She was part of the Russian New Wave literary movement. She was cited by Joseph Brodsky as the best living poet in the Russian language.
THE HOSPITAL CHRISTMAS TREE
They have set a Christmas tree up in a hospital ward.
It clearly feels out of place in a cloister of suffering.
The moon over Leningrad comes to my window ledge
but does not stay long—many windows, much waiting.
The moon moves on to a spry, independent old woman;
outside you can hear the susurrus sound of her trying
to hide from her neighbors and from her own shallow sleep
her breaking the norm—the blunder of illegal crying.
All the patients are worse; still, it is a Christmas Eve.
Tomorrow will some get news; some gifts; some, calls.
Life and death remain neighbors: the stretcher is always loaded;
through the long night the elevator squeaks as it falls.
Rejoice eternally, Virgin! You bore the Child at night.
There is no other reason for hope, but that matters so much,
is so huge, so eternally endless, that it
consoles the unknown, underground anchorite.
Even here in the ward where the tree makes some people cry
(did not want it; a nurse, in fact, ordered it brought)
the listening heart beats, and you hear people say,
“Hey, look! The Star of Bethlehem’s in the sky!”
The only sure facts are the cattle’s lament in the shred,
the Wise Men’s haste, the inexperienced mother’s elbow
marking The Child with a miraculous spot on His brow.
All the rest is absurd, an age-old but fugitive lie.
What matters more or brings more joy to sick flesh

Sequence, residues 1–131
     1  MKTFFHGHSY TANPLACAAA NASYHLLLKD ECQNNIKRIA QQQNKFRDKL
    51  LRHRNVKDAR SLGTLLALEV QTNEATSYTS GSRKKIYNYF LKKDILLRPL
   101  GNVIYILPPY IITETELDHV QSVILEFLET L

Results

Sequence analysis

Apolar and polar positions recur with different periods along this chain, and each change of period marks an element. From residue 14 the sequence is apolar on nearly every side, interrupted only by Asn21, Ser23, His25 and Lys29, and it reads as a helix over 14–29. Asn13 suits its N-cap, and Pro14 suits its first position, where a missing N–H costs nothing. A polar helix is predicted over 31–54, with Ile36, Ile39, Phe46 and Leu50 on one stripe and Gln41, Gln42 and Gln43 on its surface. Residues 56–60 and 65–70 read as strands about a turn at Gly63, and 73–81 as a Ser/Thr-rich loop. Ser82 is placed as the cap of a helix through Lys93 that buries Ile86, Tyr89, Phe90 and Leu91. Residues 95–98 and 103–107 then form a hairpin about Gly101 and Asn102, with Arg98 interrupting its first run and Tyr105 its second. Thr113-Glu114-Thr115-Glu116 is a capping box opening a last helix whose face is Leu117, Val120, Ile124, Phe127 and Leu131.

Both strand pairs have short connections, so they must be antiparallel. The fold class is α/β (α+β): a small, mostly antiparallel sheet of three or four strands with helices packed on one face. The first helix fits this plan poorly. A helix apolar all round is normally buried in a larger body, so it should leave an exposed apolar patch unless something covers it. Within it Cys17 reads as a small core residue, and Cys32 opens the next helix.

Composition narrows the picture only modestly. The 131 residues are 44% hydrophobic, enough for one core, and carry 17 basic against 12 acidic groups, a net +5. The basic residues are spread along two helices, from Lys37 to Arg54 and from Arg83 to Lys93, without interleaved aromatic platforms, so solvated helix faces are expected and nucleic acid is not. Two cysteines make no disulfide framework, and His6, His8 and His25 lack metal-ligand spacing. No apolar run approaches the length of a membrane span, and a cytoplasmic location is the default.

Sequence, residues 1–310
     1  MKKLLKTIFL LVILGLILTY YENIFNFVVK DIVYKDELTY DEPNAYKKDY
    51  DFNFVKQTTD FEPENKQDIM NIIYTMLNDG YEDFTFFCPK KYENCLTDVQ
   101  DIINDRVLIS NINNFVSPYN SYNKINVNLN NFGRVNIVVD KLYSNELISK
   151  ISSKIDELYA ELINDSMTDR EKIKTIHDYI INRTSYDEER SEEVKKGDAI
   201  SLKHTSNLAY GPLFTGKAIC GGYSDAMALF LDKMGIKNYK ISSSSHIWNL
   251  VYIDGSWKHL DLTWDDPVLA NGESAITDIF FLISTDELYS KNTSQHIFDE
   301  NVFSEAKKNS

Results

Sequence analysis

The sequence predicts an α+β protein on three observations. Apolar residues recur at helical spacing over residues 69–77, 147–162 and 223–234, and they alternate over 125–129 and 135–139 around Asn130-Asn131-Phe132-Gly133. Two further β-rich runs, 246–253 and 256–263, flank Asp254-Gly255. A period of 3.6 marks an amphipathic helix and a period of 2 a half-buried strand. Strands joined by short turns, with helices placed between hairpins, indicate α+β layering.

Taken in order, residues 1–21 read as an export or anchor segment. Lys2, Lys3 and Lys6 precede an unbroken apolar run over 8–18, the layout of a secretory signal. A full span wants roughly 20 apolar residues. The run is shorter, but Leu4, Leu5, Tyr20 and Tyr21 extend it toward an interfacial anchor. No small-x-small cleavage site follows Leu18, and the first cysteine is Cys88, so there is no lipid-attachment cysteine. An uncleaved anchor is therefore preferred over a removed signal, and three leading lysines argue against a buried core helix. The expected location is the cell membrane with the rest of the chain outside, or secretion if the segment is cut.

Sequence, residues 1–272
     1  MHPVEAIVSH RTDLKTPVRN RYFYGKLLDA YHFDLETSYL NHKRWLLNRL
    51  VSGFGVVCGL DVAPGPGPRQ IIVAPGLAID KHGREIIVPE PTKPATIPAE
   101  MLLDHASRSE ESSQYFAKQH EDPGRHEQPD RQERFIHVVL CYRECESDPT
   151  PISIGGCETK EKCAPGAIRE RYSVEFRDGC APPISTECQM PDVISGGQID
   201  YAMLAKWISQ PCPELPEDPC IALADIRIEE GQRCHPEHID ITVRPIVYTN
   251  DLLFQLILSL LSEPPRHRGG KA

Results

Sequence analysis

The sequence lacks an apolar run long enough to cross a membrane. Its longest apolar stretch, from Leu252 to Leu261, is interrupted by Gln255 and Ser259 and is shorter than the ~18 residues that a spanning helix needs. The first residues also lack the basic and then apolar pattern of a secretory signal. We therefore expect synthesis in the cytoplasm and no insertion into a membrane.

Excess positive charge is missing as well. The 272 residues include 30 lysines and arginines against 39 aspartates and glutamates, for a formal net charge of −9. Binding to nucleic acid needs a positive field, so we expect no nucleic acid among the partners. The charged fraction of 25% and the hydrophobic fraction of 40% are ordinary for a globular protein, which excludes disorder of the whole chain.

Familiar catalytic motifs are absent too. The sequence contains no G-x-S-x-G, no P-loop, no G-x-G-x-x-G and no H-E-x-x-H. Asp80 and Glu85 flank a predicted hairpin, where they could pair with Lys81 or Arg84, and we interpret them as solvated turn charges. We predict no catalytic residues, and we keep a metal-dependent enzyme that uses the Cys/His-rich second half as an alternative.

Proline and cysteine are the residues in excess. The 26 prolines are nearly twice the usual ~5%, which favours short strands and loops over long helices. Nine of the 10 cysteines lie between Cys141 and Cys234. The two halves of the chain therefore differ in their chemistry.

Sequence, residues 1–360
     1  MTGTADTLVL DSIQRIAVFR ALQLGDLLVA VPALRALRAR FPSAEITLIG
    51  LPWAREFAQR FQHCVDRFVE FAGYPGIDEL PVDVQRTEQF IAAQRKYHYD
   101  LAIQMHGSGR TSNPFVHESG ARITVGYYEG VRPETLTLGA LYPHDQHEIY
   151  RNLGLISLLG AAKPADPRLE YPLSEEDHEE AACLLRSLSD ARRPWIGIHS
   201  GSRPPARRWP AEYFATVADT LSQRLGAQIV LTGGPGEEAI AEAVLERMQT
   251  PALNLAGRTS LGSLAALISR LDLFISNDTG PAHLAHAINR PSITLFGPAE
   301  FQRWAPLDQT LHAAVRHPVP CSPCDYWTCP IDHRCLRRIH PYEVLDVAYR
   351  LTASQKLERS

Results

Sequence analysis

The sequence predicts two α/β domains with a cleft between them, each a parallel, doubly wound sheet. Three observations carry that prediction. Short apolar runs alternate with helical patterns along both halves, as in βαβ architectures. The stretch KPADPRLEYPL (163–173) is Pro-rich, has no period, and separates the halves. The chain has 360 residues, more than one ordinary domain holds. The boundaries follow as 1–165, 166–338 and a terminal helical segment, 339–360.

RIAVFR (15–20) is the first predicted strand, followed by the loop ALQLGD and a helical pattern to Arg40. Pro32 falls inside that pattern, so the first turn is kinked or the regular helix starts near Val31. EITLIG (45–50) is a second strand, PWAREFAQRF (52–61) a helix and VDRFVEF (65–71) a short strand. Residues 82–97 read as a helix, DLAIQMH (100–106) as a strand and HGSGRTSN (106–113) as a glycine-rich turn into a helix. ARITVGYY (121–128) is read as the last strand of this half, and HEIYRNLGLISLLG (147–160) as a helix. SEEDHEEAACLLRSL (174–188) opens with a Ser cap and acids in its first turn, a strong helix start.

wasted by work and by war than so simple a scene?
But they reproach you for drinking or some other fault
and stuff your brain with the bones of a system picked clean.
I watched the day begin breaking some time past nine;
it was a drop, a black light shining absurdly
onto the window. People dream that they heard
a little toy bell-ringer ringing the bell on the tree.
The day as it downed was week, not much of a sight.
The light was paler than pink, pastel, not harsh,
the way an amethyst shimmers on a young girl’s neck.
All looked down, once they had seen the sad, humble cross.
And when they arose, reluctantly opening their eyes,
a trolley flew by through the snowstorm, gold trim inside it.
They crowded the window like children: “Hey, look at that car!
Like a perch that’s gotten away, all speckled with fire!”
They sat down for breakfast; they argued, got tired, lay down.
The view from the window was such that Leningrad’s secrets
and splendors brought tears to my eyes, filled me with love.
“Isn’t there something you want?” “No, there’s nothing.”
I have long been accused of making frivolous things.
Frivolity maker, I look at those here around me:
O Mother of God, have mercy! And beg your Son, too.
On the day of His birth, pray and weep for us each.